Elma Sinclair reports on a recent OFTC event.
At the beginning of July, the OFTC and Oxford Quakers hosted a talk by Maryam Bibi, Chief Executive of Khwendo Kor (KK) in which she described its work on the Afghan/ Pakistan border, where its staff have faced bombs, army campaigns, the Pakistan floods and the biggest movement of refugees since the partition of India. However, as Maryam told us, life has never been easy for women in this patriarchal and conservative area, where purdah means not just wearing the burquah, but being confined within the household, unable to meet even with women from other families. In 1993, Maryam, herself from the Tribal Areas, determined to make a better life for her fellow women and founded Khwendo Kor (Pashtun for “Sisters’ Home”).
As its work progressed , KK became aware of the need to provide a holistic solution, involving both men and women. Men control access to women but when they realise that villages where KK works produce healthier sons, they become willing to allow KK access. So KK runs medical camps and has trained hundreds of the traditional birth attendants to provide health education and safer deliveries. (Traditionally, the umbilical cord had been sealed by rubbing earth into it. Women had not been allowed to be treated by male doctors or to travel to the towns where female doctors were available. Infant and maternal mortality rates were among the worst in the world.)
Access gained, KK starts girls’ schools (now over 200). The informal nature of many of these schools, often in village houses, has enabled them to be kept open when Taliban rockets have forced the closure of government schools. Moreover, KK’s insistence that Village Women’s Committees should run the schools has given women the chance to meet together and gain confidence. Eventually, they ask for education for themselves, so KK now runs adult education centres also.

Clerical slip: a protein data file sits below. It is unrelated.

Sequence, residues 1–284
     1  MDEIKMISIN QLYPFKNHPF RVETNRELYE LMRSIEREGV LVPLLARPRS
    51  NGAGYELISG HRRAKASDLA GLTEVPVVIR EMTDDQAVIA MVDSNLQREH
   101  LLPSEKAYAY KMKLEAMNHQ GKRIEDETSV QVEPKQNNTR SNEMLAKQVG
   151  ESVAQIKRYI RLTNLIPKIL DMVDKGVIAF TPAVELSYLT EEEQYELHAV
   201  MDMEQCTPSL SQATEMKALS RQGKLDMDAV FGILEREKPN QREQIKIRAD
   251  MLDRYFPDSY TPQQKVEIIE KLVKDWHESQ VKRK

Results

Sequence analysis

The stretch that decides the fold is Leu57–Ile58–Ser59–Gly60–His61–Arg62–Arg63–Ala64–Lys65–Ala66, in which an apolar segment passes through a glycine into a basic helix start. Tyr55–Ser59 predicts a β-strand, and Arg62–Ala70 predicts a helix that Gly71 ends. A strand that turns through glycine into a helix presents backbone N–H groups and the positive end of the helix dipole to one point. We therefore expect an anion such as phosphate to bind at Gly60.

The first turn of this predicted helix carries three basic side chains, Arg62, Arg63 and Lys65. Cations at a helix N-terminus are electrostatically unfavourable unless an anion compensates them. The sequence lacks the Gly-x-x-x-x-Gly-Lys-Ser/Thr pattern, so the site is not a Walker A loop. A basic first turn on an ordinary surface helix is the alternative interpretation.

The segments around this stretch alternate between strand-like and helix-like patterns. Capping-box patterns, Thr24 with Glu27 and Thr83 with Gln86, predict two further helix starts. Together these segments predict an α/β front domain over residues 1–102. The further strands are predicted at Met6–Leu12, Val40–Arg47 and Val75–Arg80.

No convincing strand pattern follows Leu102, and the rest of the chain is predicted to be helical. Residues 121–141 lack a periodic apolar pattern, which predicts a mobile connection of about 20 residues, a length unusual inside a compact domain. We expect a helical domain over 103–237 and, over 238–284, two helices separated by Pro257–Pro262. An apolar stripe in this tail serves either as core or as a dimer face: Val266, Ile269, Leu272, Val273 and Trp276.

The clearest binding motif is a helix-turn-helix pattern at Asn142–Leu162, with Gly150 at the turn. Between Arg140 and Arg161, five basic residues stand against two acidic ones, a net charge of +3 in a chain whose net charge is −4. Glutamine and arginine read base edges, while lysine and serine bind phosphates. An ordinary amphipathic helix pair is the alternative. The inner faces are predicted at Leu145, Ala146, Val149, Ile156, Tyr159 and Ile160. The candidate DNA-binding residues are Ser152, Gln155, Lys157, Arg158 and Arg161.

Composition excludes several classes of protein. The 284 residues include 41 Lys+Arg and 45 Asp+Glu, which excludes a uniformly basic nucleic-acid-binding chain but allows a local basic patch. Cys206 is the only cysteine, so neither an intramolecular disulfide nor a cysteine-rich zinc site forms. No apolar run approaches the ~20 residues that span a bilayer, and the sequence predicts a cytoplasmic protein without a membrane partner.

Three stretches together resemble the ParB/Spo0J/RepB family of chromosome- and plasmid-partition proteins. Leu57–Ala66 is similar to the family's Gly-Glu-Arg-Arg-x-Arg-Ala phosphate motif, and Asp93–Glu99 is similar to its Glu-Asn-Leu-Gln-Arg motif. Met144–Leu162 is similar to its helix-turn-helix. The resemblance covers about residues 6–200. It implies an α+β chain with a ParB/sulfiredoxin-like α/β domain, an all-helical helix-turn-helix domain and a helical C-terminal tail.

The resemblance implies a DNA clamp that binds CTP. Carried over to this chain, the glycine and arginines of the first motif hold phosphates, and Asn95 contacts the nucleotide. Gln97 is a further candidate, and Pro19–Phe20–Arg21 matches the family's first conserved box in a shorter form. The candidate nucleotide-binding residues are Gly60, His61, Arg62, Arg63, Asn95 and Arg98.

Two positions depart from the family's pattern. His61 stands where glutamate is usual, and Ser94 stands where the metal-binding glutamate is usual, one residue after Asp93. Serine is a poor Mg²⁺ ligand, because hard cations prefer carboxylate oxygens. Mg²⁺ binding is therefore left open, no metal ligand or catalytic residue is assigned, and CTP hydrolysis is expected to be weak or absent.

KK provides further opportunities for socialisation in classes training women, not only in agriculture and horticulture, but also to produce marketable goods. It shows them that items they traditionally make from dried grass (mazari), which can be
harvested even in desert areas, can be adapted and improved for a more lucrative foreign market. Thanks to Fair Trade, for the first time, these women have a little income of their own with which they can improve the living standards of their children (65% of the people of the Tribal Areas live below the official UN poverty level) and gain respect within the family.
The villagers’ trust won, they are ready to respond to KK’s further mission. Classes in subjects varying from women’s rights to inheritance and choice in marriage, to how to register to vote and how to hold local authorities to account for services, enable them to take on responsibility for their own further development. Even in war-torn, Taliban dominated areas, the villagers are finding a voice to demand peace and democracy. With increasing frequency, when army operations and Taliban bombing have forced KK staff to withdraw temporarily, they have returned to find that services have continued to operate under the supervision of the villagers themselves. That is when they know that they are winning the most important battle.
In Oxford, KK basketware can be bought from Fair Trade at St. Michael’s and the Windmill. A contact made at OFTC’s AGM has resulted in the New Internationalist adding some baskets to their online catalogue. See shop.newint.org/uk/storage-basket.html and http://shop.newint.org/uk/changair.html
Why not support Pashtun women’s independence by buying some Christmas presents from them?